Little Nightmares DLC 2: The Hideaway Reviewby Chad Goodmurphy
It’s not common for indie games – especially those that take the form of LIMBO like puzzle/platformers – to receive downloadable content. Tarsier Studios has bucked this trend though, with Little Nightmares and its three part ‘Secrets of the Maw’ DLC expansion. The DLC is one that only slightly changes things up, by putting players in the shoes of another character, who’s also running, swimming and hiding away from monsters because his life depends on it. At the time of this review, two of the three confirmed episodes have been released. We’re just catching up to the story now, and will be focusing our thoughts on the second part, while referencing its predecessor.
Dubbed ‘The Hideaway,’ Little Nightmares’ second piece of paid bonus content is all about solving puzzles while avoiding (and simply hiding from) the ship’s disturbing Janitor. This is accomplished by using crawlspaces, crevices, levers, and other hiding holes to one’s advantage, all while dodging the creepy creature and his incredibly powerful nose. While he may be blind, the Janitor isn’t one to take lightly, because he’s able to pinpoint a child’s location using only their scent, and he is quick on the draw whenever he catches a whiff.
What’s interesting about the Hideaway is that it presents a very evident change from that which came before it. By that, I mean ‘The Depths,’ which acted as the game’s first DLC episode and ushered in the Runaway Kid and his parallel story.
During the Depths’ hour-long runtime, players were tasked with escaping from the Granny, a barely seen monster who did her best to mimic Jaws. Like its name suggests, lots of the segment’s gameplay was spent in and around water, creating a wet game of cat and mouse. To succeed, the Runaway Kid would have to jump from one box, drum, or other piece of debris to another, while trying to avoid spending much time in the water. Of course, this was easier said than done, and the trick was to run and jump as far as one could, so that the swim to the next makeshift platform wouldn’t be so long. Granted, it’s not like the entire episode took place in or around water. Lots of it did though, and most of its memorable moments dealt with the liquid. As a whole, said opening act was also very tense, immersive and intriguing, and lots of that had to do with these segments.
Unfortunately for those of us who really like this game, the Hideaway stumbles some, and ushers in an unexpected and disappointing drop in quality. Don’t read this as me saying that it’s bad though, because that isn’t the case. Nothing about Little Nightmares has been anywhere close to bad so far, and even though this second of three episodes isn’t quite up to par, it’s still half-decent overall.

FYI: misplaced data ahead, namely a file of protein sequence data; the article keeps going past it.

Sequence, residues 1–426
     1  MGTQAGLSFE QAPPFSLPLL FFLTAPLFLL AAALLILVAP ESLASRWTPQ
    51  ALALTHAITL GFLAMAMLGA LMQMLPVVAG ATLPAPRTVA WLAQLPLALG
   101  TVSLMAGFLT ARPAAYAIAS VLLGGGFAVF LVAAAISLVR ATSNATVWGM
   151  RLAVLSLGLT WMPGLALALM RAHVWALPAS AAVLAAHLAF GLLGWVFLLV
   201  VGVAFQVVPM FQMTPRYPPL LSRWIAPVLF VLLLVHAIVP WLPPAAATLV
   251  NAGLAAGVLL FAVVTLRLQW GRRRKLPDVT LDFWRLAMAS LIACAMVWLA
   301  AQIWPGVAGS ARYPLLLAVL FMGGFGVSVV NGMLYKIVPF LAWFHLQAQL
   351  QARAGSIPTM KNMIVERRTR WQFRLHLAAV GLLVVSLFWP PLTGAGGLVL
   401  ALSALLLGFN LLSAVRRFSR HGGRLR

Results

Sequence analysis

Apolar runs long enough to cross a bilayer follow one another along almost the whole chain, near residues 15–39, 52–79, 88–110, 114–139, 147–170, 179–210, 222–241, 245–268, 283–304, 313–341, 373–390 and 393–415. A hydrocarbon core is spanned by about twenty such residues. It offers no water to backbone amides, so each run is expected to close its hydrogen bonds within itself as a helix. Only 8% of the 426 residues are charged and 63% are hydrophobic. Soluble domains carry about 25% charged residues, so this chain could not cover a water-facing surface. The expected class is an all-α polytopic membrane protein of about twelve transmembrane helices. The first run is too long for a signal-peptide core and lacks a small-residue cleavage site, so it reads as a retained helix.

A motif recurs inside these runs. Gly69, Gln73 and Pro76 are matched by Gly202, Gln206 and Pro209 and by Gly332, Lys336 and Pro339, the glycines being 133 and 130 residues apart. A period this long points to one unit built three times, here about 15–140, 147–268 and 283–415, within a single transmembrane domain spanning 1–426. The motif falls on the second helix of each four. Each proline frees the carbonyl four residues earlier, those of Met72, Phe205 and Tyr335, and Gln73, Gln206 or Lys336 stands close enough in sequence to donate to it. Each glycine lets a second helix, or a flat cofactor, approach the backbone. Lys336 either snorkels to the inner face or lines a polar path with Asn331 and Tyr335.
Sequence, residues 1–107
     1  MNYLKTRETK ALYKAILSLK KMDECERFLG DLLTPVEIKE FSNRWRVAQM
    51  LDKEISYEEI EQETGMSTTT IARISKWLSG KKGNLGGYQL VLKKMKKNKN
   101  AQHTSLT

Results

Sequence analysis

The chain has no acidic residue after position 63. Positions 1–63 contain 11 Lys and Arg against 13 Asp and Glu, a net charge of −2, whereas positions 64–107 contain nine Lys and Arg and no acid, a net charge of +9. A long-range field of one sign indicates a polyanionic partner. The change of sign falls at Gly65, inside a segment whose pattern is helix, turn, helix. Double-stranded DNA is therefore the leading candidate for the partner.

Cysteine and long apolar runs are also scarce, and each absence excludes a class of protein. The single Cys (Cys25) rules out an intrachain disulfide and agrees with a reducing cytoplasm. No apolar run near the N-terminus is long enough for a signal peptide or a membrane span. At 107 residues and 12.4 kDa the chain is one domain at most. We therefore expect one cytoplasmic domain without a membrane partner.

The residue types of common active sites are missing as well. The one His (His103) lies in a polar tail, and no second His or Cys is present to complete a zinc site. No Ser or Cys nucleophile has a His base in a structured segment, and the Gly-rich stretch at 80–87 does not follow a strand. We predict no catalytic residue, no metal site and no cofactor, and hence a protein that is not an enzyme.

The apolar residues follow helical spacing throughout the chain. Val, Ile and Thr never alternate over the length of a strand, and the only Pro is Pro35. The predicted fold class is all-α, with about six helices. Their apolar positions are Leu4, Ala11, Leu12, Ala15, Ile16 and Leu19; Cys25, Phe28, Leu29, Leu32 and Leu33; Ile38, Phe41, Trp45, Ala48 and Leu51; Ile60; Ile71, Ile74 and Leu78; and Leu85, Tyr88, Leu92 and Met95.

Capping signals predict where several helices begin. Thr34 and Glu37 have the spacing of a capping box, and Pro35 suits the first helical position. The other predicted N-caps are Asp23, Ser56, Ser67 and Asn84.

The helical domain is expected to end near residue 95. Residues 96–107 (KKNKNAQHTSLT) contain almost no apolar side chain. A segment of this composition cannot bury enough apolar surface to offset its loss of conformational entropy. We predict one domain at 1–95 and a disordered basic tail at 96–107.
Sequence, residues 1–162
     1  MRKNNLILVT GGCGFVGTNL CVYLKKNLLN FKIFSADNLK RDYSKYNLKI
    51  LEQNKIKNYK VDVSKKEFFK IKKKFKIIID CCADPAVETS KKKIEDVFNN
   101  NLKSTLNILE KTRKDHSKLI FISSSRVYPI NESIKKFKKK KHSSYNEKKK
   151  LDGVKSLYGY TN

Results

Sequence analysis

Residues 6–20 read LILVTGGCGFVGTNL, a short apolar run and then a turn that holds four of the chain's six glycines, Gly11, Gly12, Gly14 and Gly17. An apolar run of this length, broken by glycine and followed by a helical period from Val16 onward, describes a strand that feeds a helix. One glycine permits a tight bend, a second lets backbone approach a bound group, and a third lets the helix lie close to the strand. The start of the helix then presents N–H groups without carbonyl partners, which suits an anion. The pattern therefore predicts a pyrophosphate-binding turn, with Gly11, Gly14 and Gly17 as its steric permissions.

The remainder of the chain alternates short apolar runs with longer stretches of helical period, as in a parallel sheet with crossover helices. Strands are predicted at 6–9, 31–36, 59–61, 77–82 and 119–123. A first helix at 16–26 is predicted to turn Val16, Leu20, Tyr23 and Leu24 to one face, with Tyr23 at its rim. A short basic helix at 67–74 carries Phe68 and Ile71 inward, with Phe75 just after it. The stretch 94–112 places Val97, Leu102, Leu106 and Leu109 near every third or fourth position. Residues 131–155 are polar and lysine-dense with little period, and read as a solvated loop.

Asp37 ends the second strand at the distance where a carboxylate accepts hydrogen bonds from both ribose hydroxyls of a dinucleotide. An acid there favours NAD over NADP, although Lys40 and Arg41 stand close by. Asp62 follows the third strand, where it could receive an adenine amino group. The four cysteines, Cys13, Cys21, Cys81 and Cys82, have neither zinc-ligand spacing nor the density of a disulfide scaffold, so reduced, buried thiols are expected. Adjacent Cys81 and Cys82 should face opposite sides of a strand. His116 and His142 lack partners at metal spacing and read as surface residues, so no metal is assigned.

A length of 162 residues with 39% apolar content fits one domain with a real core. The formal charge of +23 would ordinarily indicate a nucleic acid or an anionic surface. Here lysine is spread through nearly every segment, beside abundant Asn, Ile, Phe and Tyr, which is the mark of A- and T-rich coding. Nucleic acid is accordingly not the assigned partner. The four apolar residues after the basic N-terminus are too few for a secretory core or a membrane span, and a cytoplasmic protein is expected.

Truth be told, I really missed the water segments and found that a wow factor was missing from this episode. The developers do deserve credit however, for making both parts of this DLC feel different, despite being part of the same side story.
In place of water and shark-like attacks, the Hideaway is full of lots of stealth, and some decent physics puzzles. The Runaway Kid is aided in his quest by the little gnome creatures who can be seen throughout the ship in the core campaign. By hugging them, he’s able to immediately release them of the fear they once had, thus turning them into a tiny army. Most of this one to one-and-a-half hour adventure is built around saving and enlisting gnomes to aid your cause. They’ll shovel coal into an engine, which will then open doors and move gears that can be used to reach new areas. On top of that, they’ll also be your best friends when it comes time to push a mine cart through more than a couple of different rooms.
There are multiple times though, where you’re on your own and must avoid the Janitor through old-fashioned stealth. This means moving when his back is turned, running when he starts to sniff, and being quick to hide or get away when necessary. Timing is the key to at least one of the major puzzles he inhabits, but so is stealth, and it becomes ever important during a couple of dark segments where the Runaway Kid must avoid stepping on coal, because it makes noise. For the most part, this is a decent set of challenges that adds to an already very good game. That said, it's a bit too slow and methodical, and lacks a wow factor, which is something that both the main campaign and its first piece of downloadable content had. The A.I. also stumbles at times, making it so that the player must go back and grab gnomes who’ve decided to sit still.
Overall, the Hideaway serves its purpose and gets the job done, while offering some fun and lots of cute aides (those gnomes are cute). It also looks beautiful while doing it, thanks to Little Nightmares’ fantastic, but very disturbing, art direction and the impressive visuals that help those creations shine.
Score: 6.2 / 10
**This review is based on a code that we were provided with. We played it on an Xbox One X.**